"Obviously something like analytics or feature based cookies are pretty low on that scale and I know that the ICO will take that into account. Of course that doesn’t mean that you don’t need to go to any effort at all but something which tracks how many users visit a page is hardly the priority here."

The Register asked the ICO to explain exactly what Vaizey's comments meant when it comes to enforcing the cookie law in Britain.

It gave us this meaty statement:

The Regulations do not distinguish between cookies used for analytical activities and those used for other purposes. We do not consider analytical cookies fall within the ‘strictly necessary’ exception criteria. This means in theory websites need to tell people about analytical cookies and gain their consent.

In practice we would expect you to provide clear information to users about analytical cookies and take what steps you can to seek their agreement. This is likely to involve making the argument to show users why these cookies are useful. Although the Information Commissioner cannot completely exclude the possibility of formal action in any area, it is highly unlikely that priority for any formal action would be given to focusing on uses of cookies where there is a low level of intrusiveness and risk of harm to individuals.

Provided clear information is given about their activities we are highly unlikely to prioritise first party cookies used only for analytical purposes in any consideration of regulatory action. The ICO will also be issuing further guidance shortly which will provide further details on analytics cookies reiterating that they are covered by the new changes. We will also give our view on the applicability of implied consent for these and other cookies.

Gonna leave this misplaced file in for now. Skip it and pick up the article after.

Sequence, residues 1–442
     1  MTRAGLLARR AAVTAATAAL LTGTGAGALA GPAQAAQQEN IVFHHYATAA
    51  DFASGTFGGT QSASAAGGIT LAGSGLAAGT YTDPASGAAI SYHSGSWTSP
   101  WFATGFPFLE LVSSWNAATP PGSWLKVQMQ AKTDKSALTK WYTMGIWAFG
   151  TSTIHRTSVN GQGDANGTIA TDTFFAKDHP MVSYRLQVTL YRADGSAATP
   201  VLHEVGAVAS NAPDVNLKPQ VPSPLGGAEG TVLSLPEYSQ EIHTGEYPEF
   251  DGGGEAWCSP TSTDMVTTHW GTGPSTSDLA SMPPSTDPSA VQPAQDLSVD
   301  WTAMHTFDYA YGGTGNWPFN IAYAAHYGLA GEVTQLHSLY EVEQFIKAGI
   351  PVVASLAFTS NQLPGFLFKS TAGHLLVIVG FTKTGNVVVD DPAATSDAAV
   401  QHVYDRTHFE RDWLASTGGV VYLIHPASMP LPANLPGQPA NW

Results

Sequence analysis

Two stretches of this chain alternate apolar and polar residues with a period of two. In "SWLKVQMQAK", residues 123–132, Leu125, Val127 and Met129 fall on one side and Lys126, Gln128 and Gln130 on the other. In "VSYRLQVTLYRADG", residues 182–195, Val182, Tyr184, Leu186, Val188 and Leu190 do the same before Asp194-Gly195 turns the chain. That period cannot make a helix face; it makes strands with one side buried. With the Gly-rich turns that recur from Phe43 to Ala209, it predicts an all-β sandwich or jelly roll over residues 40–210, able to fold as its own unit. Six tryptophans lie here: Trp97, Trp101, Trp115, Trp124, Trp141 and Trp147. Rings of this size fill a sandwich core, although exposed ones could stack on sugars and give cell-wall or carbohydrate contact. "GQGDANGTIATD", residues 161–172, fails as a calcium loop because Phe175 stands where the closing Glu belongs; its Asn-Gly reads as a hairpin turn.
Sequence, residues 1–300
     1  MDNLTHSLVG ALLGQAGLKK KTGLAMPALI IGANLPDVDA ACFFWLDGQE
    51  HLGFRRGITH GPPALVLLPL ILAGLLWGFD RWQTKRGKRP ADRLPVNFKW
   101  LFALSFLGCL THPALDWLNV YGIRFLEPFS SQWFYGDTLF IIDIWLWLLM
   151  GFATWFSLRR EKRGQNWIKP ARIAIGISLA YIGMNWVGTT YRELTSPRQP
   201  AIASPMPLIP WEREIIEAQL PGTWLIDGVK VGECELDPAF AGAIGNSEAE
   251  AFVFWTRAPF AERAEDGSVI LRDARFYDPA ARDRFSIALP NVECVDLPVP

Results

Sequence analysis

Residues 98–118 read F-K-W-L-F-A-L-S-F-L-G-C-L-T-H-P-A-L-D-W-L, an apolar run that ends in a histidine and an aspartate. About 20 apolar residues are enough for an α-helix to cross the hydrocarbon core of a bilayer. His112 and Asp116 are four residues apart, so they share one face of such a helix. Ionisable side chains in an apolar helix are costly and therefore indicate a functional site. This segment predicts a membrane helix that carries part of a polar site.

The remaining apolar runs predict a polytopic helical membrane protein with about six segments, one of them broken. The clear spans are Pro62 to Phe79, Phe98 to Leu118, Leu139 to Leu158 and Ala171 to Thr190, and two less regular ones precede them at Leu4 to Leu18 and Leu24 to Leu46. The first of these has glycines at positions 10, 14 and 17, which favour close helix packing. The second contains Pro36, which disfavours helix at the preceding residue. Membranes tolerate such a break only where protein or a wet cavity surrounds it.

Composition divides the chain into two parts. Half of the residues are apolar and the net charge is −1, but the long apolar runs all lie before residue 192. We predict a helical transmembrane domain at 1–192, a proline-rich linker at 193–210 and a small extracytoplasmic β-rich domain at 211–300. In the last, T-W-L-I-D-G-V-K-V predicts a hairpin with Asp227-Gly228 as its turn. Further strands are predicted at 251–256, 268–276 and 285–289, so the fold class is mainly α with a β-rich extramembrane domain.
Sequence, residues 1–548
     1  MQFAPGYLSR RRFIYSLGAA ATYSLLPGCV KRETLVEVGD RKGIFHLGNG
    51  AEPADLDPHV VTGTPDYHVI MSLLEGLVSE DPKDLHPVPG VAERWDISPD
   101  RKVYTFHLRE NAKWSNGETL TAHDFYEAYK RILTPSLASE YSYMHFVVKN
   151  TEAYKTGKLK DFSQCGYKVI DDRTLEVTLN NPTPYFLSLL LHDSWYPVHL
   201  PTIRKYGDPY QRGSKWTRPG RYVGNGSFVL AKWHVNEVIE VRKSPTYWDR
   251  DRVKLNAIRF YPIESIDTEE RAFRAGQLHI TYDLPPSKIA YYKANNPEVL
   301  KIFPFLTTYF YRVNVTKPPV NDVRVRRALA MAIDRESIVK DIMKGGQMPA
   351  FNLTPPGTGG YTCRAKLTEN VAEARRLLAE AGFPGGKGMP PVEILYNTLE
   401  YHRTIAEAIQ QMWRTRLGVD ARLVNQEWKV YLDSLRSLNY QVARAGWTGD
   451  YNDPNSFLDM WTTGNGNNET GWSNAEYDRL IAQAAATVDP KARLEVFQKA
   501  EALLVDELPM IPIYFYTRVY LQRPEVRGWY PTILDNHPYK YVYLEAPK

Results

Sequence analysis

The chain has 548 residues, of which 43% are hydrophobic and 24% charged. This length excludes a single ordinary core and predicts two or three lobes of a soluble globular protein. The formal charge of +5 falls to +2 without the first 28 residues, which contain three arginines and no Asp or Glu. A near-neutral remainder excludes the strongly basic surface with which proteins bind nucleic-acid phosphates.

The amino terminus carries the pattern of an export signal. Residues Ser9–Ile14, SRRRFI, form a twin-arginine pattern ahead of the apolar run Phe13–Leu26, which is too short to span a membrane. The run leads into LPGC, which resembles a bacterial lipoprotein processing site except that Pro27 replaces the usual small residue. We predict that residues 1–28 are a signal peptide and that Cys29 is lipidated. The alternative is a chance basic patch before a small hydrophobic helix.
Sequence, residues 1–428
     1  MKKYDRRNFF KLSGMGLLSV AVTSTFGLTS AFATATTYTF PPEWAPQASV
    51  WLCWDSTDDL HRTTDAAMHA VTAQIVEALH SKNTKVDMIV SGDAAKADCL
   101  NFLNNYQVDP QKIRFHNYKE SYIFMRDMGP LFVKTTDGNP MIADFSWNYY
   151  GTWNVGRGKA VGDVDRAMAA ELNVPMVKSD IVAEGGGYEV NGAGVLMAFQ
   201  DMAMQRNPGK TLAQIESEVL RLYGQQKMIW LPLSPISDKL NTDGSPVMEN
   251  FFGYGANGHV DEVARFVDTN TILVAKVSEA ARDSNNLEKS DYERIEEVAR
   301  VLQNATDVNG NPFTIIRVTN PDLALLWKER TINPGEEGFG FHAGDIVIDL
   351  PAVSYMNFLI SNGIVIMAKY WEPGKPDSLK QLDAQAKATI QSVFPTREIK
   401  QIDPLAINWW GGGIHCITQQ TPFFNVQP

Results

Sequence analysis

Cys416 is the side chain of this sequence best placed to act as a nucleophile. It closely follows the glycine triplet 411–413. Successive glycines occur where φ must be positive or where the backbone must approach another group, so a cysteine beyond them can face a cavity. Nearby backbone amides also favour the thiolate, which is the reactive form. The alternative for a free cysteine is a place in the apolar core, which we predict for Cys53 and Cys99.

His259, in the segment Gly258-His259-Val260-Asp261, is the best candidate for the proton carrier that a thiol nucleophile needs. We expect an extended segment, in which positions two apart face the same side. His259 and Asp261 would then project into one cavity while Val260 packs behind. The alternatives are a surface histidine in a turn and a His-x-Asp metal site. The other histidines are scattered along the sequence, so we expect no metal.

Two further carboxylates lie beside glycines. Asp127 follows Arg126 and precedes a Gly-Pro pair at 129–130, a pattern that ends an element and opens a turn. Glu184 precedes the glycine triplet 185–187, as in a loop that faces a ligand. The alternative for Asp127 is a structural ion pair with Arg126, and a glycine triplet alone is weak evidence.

So there you have it. Ad brokers such as Google that slurp data from user's machines for the sake of web analytics are not considered a priority for the ICO when it comes to policing these new rules, which is interesting in light of French data information watchdog CNIL's current probe of Mountain View's recent tweak to its privacy policy.

Specifically, CNIL asked Google to explain if it "combines information gathered through Google Analytics with information related to users (authenticated, non-authenticated or passive) gathered through other services, notably to provide tailored content".

The deadline for an answer from Google is due today.

We put this to the ICO and asked how closely it was considering this investigation in relation to enforcing the cookie law. It said:

Any organisation that processes people's personal data must be open and upfront about how this information will be used and for what purpose. The ICO and the other European Data Protection Authorities, represented on the Article 29 Working Party, are aware that Google has recently changed their privacy policy and have made efforts to communicate these changes to their customers.

At the request of the Article 29 Working Party the French Data Protection Authority, the Commission Nationale de l’information et des liberties (CNIL), is currently speaking with Google on behalf of all the European supervisory authorities to ensure that these changes, and the manner in which they have been communicated, comply with the requirements of European Data Protection law.

It is nevertheless important that people read the information organisations provide them with before agreeing.